This is very cool the more I think about it, and I’m glad I didn’t know going into it before reviewing that this was the case. It allowed me to be more objective about the noticeably different and positive effect this had, without expecting it to be so or planting any seeds in my brain beforehand.
There is a simple chordal pattern that repeats, but at just the right time for me, shifts into some variations. As things continue, there are added layers of lusher, softer sounding harmonies filling the space.
Things progress, losing the melody voice and emphasizing just the more lush harmony, and this continues to evolve in a way that was pretty much what I wanted to happen as it did. It seems special attention was taken to make sure variations come in at the right time, though subtly, and in an effective direction (meaning more, or less, activity.) Really pleasing choices of intervals, sonic timbres and shifts of volume.
Of course, now that I realize what was happening, these effects are almost certainly shaping the brainwave journey as well.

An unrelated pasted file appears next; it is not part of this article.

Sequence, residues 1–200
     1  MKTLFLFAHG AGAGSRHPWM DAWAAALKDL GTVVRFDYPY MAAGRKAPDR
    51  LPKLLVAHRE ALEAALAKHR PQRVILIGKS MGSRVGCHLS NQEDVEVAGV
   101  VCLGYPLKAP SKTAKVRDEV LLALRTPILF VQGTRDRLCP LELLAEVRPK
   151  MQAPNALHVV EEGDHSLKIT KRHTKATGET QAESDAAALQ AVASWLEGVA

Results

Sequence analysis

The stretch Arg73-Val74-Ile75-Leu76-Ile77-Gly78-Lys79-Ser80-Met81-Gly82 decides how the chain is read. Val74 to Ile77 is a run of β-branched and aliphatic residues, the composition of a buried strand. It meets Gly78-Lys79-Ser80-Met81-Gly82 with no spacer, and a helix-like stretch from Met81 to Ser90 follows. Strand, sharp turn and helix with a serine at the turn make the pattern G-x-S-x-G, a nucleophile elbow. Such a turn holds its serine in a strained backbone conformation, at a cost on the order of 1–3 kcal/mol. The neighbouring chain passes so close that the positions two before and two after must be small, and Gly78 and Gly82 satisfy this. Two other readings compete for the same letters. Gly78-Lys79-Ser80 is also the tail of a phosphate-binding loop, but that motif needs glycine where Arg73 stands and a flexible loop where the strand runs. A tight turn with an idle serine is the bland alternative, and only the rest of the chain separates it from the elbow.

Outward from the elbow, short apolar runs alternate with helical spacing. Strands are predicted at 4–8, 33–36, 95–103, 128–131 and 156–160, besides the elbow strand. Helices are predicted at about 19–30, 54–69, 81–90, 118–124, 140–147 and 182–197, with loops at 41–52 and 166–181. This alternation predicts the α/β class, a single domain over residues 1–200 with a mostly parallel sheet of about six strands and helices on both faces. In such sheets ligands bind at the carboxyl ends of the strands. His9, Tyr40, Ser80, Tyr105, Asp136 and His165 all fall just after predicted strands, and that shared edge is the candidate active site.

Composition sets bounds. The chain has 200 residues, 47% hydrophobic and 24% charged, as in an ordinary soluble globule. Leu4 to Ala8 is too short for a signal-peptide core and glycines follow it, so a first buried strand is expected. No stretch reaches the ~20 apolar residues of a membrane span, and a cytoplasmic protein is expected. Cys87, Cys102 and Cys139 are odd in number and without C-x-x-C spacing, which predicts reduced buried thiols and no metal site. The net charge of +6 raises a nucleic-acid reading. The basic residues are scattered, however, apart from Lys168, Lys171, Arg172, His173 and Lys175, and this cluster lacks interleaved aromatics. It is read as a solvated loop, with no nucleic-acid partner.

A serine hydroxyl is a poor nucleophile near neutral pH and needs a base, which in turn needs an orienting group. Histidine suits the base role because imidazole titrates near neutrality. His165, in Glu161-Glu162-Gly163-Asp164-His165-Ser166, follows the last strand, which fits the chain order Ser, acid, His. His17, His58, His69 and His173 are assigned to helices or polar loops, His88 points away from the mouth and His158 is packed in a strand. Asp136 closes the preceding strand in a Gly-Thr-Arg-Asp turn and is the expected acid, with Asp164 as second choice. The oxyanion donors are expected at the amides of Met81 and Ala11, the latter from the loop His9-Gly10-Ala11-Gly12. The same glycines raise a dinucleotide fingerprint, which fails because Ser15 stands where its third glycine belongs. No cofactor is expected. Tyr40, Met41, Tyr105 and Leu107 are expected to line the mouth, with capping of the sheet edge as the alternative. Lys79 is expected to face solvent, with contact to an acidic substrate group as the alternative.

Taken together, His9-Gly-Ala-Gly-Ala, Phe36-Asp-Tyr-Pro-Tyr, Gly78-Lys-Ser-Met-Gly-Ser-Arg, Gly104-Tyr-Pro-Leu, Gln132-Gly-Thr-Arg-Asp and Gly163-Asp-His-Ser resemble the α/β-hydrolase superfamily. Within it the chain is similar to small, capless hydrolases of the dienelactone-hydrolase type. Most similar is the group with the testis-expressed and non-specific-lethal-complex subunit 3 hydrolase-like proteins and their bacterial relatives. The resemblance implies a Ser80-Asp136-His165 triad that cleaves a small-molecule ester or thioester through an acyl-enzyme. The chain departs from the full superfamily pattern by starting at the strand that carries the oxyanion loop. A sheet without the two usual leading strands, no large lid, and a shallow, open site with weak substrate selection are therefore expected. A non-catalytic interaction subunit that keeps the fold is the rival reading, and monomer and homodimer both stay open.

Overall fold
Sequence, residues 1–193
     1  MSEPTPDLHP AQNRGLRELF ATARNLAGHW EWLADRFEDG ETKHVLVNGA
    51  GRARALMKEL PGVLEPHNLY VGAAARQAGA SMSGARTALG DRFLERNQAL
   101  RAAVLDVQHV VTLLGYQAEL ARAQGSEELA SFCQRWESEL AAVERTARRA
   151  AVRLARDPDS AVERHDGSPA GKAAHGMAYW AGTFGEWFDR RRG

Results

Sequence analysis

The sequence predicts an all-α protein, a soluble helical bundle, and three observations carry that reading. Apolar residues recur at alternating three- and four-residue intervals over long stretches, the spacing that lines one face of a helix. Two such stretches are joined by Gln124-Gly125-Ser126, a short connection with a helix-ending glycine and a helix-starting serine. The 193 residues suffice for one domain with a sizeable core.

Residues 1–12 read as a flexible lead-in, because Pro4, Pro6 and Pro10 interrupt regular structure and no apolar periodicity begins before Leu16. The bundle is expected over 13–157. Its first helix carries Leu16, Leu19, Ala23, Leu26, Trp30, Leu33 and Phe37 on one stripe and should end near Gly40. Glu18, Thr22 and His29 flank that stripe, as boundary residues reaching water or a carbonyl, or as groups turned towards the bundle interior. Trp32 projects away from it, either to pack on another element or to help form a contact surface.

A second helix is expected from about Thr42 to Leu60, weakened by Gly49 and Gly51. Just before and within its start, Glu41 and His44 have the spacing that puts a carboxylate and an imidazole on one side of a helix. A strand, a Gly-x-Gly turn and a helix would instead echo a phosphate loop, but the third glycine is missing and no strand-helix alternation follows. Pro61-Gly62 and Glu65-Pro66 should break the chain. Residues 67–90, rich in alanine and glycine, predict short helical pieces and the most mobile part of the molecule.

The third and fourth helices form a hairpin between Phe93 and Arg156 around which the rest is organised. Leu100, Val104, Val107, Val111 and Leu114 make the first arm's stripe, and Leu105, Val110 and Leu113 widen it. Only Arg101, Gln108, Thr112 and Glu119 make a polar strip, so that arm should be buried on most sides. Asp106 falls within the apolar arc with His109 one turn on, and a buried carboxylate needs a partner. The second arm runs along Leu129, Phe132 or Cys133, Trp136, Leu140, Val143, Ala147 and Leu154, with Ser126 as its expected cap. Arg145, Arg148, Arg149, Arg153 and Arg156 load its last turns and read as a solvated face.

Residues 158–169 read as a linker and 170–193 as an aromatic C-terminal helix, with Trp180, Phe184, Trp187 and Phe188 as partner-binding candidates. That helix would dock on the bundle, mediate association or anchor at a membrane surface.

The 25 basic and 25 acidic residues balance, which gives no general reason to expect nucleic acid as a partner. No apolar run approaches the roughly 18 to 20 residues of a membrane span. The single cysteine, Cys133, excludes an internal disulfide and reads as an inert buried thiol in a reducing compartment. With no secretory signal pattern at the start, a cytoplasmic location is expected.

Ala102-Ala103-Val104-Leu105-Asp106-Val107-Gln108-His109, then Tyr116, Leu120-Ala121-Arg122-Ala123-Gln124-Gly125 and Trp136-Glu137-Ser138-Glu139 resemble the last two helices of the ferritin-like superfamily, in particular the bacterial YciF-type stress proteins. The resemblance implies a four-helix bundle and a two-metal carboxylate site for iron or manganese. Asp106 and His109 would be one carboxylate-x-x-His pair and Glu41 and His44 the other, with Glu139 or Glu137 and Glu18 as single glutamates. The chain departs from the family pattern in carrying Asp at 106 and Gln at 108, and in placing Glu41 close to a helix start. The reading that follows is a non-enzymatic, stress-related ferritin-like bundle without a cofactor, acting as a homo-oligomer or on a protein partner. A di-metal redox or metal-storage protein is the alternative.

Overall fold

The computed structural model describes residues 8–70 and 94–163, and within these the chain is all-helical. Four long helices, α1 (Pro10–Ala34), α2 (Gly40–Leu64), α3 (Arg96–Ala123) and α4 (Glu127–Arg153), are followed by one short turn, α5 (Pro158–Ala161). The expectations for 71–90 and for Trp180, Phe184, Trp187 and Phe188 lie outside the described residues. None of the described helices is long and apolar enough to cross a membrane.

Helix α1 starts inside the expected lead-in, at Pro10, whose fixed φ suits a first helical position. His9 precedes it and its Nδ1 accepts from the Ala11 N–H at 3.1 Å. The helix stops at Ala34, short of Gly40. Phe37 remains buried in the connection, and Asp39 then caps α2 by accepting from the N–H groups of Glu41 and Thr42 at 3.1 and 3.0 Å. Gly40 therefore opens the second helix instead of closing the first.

Benefits of Delta Wave Meditation
There are several claimed benefits of delta brainwaves, and since we at least can agree that getting deep sleep does a lot of good things for us, it is logical that meditation at this frequency can do good things. Let’s take a look at a few of the specific claims from the sales page.
Relaxation – Definitely agree with this one. As I said, sometimes these tracks can be a bit agitating, at least in the beginning. Not at all the case for me here. Interestingly it was both relaxing and energizing, it did not knock me out, even in my tired state.
Altered States of Consciousness – This will mean different things to different people. I am absolutely in a unique state, both in terms of imagery, what I am experiencing and how I relate to it, when held in this space.
Expand your mind – My experience is undeniable in terms of getting access to different perspectives, insights and expanded awareness during brainwave meditation at this frequency.
Supports your experience – This was definitely the case with this track. Nothing distracting or jarring, a great progression, all designed very well to help keep the experience going and enhancing it. Support really is the right word here. It brings you deeper in a way that feels natural, not pushed or forced.
Sample Deep Delta
iAwake did the right thing by letting you hear a demo of the track, which I think is important before spending money on a meditation product. We all have particular tastes especially with sounds.